Surmounting deadlock over the state of South African media freedom

National Press Freedom Day on October 19 is a fitting anniversary to take stock of threats to South African journalism — and especially of the responses and what they might portend.

According to a report released on the weekend, up till 20 10, South Africans took press freedom for granted and became passive around the issue.

Further, says the report, many South Africans have not seen themselves properly reflected in the media, and so have had little interest in supporting media freedom.

There are also those who prioritise issues like housing or health and don’t yet see the importance of free expression as a precondition for progress on these issues. But all this is beginning to change, says the document.

There are new links being forged between civil society and media. And though the document originated in August before the recent “Right2Know” campaign got going, it refers to the SOS Campaign for Public Broadcasting as one example of the new times.

These insights are part of a report called the “African Media Barometer South Africa 20 10”. Presented in booklet form, the document follows on more than 46 earlier Barometers covering a total of 25 African countries, all underwritten by the Friedrich Ebert Stiftung (who also sponsor this column).

Each national report is the result of in-depth discussion by five civil society experts and five media practitioners in each given country.

The group allocates scores under 45 headings that are derived from the African Union’s Declaration of Principles of Freedom of Expression. In general, four broad areas are assessed: freedom of expression; media diversity and independence; the health of broadcasting; and journalistic professionalism.

The latest South African Barometer gives the country an overall score of 3 out of 5 down from 3,5 in 20 08, and 3,2 in 20 06. In other words, while the country meets some aspects of the African Union’s benchmarks, there is still a lot of room for improvement.

Amongst the negative features that should be addressed, the report notes:

  • A sharpening of tone in political discourse that inhibits “rational and democratic debate”.
  • Several draft laws plus the statutory Media Appeals Tribunal which threaten media independence.
  • The ongoing crisis at SABC.

It also registers extra-governmental threats to journalism:

  • Cost-cutting by media conglomerates.
  • Urban and middle-class orientation of much media. (For the criterion of diverse, affordable and accessible information, South Africa scores a miserable 2,2 out of 5.).

In addition to the new and broad mobilisation around communication rights, the report also shows much else on the positive side:

  • Media 24, Independent Newspapers and the Mail & Guardian have increased their investigative journalism capacity.
  • There are renewed efforts by the media to perform better,
  • The Press Council self-regulation system has become more efficient (a deputy Ombudsman post has been added).

Other pertinent points in the Barometer are:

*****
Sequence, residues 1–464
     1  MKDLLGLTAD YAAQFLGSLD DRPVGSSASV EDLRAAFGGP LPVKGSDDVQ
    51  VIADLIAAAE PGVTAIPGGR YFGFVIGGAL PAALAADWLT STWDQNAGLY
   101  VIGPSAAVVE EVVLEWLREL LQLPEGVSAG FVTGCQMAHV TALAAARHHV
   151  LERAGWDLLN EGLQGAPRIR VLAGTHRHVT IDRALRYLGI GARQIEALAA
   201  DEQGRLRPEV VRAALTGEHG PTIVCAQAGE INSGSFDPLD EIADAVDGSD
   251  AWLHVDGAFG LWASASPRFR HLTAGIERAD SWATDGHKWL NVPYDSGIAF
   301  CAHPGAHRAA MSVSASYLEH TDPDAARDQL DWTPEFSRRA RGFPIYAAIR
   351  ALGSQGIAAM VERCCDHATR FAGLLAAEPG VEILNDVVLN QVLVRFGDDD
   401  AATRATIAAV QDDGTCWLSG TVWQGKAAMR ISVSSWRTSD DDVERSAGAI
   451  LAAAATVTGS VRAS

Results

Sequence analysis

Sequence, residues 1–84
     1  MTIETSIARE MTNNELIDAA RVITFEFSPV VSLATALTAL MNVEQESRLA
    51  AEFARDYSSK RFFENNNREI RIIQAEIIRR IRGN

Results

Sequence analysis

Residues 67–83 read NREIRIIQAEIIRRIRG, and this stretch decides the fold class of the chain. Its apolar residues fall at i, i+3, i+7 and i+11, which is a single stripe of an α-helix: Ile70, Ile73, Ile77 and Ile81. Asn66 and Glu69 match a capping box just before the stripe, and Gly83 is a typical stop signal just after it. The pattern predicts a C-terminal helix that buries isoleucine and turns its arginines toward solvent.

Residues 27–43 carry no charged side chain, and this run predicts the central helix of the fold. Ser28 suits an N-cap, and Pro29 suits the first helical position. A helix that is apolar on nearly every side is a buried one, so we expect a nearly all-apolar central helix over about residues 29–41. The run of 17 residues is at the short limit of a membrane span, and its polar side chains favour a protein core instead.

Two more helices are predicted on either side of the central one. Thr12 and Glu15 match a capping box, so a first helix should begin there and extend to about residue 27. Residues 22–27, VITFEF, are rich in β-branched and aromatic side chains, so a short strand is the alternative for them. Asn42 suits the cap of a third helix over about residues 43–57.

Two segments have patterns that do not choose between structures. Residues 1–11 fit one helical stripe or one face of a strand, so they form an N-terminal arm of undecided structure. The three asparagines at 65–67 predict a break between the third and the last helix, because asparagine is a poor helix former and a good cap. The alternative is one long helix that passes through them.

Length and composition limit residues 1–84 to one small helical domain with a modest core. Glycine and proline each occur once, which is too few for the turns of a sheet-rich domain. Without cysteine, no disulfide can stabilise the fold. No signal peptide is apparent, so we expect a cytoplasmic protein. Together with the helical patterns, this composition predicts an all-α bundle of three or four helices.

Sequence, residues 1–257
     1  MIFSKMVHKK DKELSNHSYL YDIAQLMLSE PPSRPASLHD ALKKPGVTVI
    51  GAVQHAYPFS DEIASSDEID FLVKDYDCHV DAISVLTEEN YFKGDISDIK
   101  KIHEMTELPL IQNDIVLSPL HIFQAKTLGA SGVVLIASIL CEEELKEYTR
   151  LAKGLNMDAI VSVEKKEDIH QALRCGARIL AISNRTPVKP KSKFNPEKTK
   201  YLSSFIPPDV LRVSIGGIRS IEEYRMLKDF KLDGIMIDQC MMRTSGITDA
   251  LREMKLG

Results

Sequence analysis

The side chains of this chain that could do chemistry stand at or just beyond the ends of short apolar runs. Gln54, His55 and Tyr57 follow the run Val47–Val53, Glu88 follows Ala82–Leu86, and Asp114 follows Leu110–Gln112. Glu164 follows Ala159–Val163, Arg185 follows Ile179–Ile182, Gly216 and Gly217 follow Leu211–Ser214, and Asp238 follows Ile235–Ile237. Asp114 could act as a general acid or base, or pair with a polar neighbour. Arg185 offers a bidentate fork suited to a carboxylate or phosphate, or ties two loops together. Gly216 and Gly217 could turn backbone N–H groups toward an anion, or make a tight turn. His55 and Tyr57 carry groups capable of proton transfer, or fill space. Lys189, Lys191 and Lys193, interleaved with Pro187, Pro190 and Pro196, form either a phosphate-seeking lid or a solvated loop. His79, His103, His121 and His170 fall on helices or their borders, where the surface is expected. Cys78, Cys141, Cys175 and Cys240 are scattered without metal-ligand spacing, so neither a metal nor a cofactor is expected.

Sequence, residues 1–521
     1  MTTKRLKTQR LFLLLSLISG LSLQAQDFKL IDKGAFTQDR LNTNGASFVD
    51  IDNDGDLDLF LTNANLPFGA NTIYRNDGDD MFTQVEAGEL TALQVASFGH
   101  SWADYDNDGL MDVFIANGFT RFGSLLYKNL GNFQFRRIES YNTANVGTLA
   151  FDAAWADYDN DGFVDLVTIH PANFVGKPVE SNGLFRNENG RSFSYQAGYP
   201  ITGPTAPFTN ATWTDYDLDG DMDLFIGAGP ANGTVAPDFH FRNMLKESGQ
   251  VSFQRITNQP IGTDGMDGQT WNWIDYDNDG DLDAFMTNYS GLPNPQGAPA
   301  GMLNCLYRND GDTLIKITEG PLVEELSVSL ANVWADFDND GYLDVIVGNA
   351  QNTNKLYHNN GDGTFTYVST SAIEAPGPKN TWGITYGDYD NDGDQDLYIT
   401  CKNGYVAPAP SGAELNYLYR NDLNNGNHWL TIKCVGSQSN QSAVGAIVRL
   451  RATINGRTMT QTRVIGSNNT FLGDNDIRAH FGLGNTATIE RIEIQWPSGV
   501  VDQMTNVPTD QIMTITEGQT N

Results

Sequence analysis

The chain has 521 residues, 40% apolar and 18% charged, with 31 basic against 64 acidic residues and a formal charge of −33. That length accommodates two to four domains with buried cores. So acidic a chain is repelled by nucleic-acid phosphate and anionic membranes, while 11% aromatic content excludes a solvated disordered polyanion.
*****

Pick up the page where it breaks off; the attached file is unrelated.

• For the low level of state funding for SABC and the Media Development and Diversity Agency, the country scores a paltry 2,2 out of 5.
  • An even worse rating is the 1,6 out of 5 as regards South Africa having a coherent ICT policy that “aims to meet the information needs of all citizens, including marginalised communities”.
  • While most journalists do not practice self-censorship, says the report, there is “anecdotal evidence” that this does happen at the SABC. As regards society as a whole, the country scores only 2,9 out of 5 in regard to citizens and journalists fearlessly asserting their right to free expression.
  • The extent to which South African journalists have integrity and are not corrupt is scored at 3,9 out of 5. The report says that most mistakes are not malicious, but rather the result of inexperience and reduced staff numbers.
  • The Barometer report was released at a research colloquium of 18 journalism schools held in Grahamstown on the weekend. The event reduced the volume of inflamed rhetoric and saw intellectual debate between academics and influential ANC members like Pallo Jordan, Ismail Vavi and Lumko Mtimde.

    Many of the research papers presented dealt with criticisms and improvements in press self-regulation and accountability. They are now being fed into a review by the Press Council of its functioning. In one, I proposed a method for drawing on international experiences in order to shape recommendations to reform the Council.

    Different views on the right to information, expression and media freedom in South Africa are not about to enter an age of harmony. But there is emerging accord on some of the problems, an increasing recognition of complexities, and an openness to new ideas.

    Combined with wider stakeholder involvement in the debate, the result seems to be a mellowing of the antagonism between ANC and the press. That’s not a bad outcome for a National Press Freedom Day.

    *This column is made possible by support from fesmedia Africa, the Media Project of the Friedrich-Ebert-Stiftung in Africa, The views expressed in it are those of the author.

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